The first few weeks were terrible. My Chinese was apparently not good enough to understand what the project manager was asking me to do, so there were a lot of miscommunication between us. Then I was deemed “slow” in producing the required drawings because my OS was Chinese, as well as the computer software (they were using a CAD software I’ve never heard of, and its functionalities were not very similar to AutoCAD despite the project manager’s claims). But still, I rallied on to keep my job. When I was later assigned to a different project (with a different PM), I thought things were going to get better. It did not. I was given a project that had a lot of requirements and no one was teaching me how they do things in Taiwan. There was no senior designer to ease our transition between projects, and that was like a red flag to me. I had considered resigning before my three-month trial period was up, but I was afraid of the difficulty of finding another job. So I did the only thing I could–I prayed. And then I read a short daily devotional about losing jobs. I had not lost my job yet, but my emotions were a jumbled mess. I found comfort in the passages and the wisdom in those devotionals. Then I continued on to other short devotionals of similar themes, until I decided around the end of 2015 that I will try the one-year devotional.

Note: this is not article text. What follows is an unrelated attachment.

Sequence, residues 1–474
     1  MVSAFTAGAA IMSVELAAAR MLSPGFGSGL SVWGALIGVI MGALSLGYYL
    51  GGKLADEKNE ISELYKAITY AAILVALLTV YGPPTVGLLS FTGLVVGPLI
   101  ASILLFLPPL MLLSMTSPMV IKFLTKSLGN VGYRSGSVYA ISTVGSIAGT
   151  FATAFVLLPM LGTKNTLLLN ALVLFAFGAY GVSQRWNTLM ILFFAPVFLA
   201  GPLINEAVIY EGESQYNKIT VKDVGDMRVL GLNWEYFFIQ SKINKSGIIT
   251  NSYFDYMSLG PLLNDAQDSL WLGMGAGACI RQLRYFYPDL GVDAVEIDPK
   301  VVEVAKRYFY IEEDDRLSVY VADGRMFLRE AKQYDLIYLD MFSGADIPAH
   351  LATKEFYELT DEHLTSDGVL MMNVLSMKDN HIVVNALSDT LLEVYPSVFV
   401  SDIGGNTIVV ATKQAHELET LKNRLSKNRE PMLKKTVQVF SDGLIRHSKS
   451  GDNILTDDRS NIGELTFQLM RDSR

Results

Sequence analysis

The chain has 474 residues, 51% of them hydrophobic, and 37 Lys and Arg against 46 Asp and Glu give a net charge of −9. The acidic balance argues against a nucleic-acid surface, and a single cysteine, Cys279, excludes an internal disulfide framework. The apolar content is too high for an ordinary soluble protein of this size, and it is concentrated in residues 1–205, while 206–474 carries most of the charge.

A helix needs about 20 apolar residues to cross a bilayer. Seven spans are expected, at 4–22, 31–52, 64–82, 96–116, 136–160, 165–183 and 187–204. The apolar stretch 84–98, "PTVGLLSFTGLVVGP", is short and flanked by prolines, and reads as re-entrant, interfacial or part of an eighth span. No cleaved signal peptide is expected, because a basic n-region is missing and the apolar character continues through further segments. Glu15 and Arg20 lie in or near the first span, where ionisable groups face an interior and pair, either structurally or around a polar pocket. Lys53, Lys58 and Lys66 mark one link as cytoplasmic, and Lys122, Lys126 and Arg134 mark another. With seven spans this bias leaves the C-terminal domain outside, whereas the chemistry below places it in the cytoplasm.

My unhappiness and dissatisfaction at work led me to look at things differently–to adopt a Christian worldview of what I was doing. Even now, I don’t know if what I am doing makes sense or contributes to a greater good, but I am a little happier than I was last November. Since I’ve started praying to God for improvement in my situation, I’ve realized that God does give what you ask and need. I learned to ask for strength, courage, patience, wisdom, knowledge, safety, and good health enough for a single day, and God delivers. I really don’t know how I’ve survived all these years without really asking for those, but once I realized how important it is to make my requests known, I decided to pray for it daily. When I was especially tired and bothered, I would ask for rest and comfort, and I received it.

These may be very simple things to others, but for me, these were things I needed to get through every single day of my life. I am blessed to live as I please, but I hope I will never take my life for granted again. In light of recent events, I learned that I need God more than anything else, and just knowing that God is on my side makes all the difference.